|SignWriting List Forum|
Valerie Sutton |
Date: Fri Mar 9, 2001 4:22 pm
Subject: Re: SignNet's Question: Which Viewpoint To Choose?
On 3/8/01, Cristina Pereira wrote:
>>> But what I mean is that 'how can we, for example, begin writing
>>>in a determinate point of view and then change it, is there any
>>>clue to the reader ?' As I've said, our deaf students (adult ones)
>>>discuss it many times, strange, that here, hearing people accept
>>>it easier. And it's for our deaf students that we're trying to
>>>have a better answer. Sometimes it gets hard to do not worry.
March 9, 2001
Yes....Cristina...I do understand your concern. And I have heard your
question...and I plan to answer it too! I am juggling several jobs
here simultaneously, so I answer email inbetween writing grants,
fulfilling orders and designing web pages...complicated life...but
First, let me summarize...I believe you have two questions...is this correct?
If a sign is written from the FRONT VIEW, and then in the middle of
the sign, the viewpoint changes to the TOP VIEW, how will the reader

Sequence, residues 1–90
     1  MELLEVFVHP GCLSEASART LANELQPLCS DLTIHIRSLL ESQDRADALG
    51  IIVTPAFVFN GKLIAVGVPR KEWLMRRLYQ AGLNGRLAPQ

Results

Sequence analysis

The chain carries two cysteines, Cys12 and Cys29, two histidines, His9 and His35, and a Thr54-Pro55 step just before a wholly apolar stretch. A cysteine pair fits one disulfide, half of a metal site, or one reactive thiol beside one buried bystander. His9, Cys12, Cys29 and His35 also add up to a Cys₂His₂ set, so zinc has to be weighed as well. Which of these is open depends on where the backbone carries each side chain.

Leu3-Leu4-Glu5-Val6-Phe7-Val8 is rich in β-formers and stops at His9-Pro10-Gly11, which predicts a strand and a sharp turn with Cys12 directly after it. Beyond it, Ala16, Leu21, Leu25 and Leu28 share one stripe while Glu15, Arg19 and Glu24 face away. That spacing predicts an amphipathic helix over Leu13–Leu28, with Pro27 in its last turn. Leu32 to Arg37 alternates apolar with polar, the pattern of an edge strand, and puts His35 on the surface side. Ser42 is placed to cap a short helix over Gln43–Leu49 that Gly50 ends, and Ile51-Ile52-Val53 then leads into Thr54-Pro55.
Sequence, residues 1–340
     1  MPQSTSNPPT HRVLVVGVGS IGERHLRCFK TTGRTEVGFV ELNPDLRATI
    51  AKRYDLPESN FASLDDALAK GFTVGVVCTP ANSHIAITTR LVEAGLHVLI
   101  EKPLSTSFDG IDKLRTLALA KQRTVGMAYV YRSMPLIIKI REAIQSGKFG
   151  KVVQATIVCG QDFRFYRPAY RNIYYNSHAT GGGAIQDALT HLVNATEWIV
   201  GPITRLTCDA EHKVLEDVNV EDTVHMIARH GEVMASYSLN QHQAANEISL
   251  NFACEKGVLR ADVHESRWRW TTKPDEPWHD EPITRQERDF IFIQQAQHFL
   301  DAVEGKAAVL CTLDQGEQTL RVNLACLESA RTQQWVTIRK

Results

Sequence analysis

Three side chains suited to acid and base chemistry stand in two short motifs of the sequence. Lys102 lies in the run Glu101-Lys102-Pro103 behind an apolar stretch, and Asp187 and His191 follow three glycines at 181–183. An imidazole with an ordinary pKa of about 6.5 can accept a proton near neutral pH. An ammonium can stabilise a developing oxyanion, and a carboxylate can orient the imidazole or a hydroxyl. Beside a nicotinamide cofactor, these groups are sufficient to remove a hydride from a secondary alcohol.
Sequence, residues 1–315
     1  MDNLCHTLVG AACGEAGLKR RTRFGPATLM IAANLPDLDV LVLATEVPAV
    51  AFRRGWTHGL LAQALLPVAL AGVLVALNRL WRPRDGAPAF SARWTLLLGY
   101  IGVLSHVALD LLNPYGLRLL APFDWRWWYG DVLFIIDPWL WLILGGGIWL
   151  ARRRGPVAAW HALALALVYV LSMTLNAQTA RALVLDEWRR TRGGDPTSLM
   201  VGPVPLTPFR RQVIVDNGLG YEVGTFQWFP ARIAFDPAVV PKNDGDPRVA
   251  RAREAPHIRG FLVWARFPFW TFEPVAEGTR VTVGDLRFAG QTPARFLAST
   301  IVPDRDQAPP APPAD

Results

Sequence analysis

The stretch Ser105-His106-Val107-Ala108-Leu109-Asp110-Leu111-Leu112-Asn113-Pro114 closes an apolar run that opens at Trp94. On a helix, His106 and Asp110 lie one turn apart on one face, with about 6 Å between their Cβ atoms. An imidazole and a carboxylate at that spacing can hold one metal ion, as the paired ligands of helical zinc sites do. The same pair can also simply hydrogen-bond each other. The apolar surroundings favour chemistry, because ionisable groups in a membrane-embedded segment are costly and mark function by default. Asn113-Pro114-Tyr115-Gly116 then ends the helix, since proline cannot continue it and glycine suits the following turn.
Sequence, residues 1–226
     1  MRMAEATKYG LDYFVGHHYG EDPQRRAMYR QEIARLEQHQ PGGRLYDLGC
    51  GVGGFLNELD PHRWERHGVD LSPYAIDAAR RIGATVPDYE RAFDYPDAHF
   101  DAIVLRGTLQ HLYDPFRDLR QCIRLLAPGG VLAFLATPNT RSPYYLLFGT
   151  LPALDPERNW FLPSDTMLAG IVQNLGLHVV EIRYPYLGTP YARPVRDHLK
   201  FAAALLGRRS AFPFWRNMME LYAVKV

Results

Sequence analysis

know that the viewpoint has changed?
How does the writer know which viewpoint to choose?
Assuming those are your two questions, here are some of my thoughts:
1. Only in the EXPRESSIVE view do we switch back and forth, from the
TOP to the FRONT views.
2. Since most Deaf people prefer EXPRESSIVE, and since it is the
world standard for publishing SignWriting, it is important to
understand the reason for the switching.
3. EXPRESSIVE means that you are writing you own hands while you are
signing yourself....It is hard to see yourself.
4. When you look down on hands that are close to your body, you are
using the TOP VIEW to see your own hands. But when the hands move
away...far away...from your body...you could choose to see the hands
parallel with the wall from the Front View.
5. All Hand Symbols and Movement Symbols have clues built into the
symbols, marking "parallel with the floor", or "parallel with the
wall". The Hands have a space representing the horizon, when they are
parallel with the floor. The Movement Symbols use a single stem-line
to mark "parallel with the floor".
6. The clue is learning "planes". The concept of "planes" is very
hard for a native signer, because seeing your own language "relating
to space" is an abstract concept....Once it is learned it becomes
quite easy...the question is how to get students to that level of
fluency in reading the switching of planes....
So either plane is correct...and feel free to switch them at will.
Obviously, if you can write each sign keeping to one plane, and not
switching them within one sign, that might be better for the
reader...but you can switch too...it does depend on the
situation..sometimes one viewpoint is easier to read than the other.
The subject of teaching planes better, and the switching of them...is
one of the topics I am hoping to expand upon in new lessons in the
More soon -
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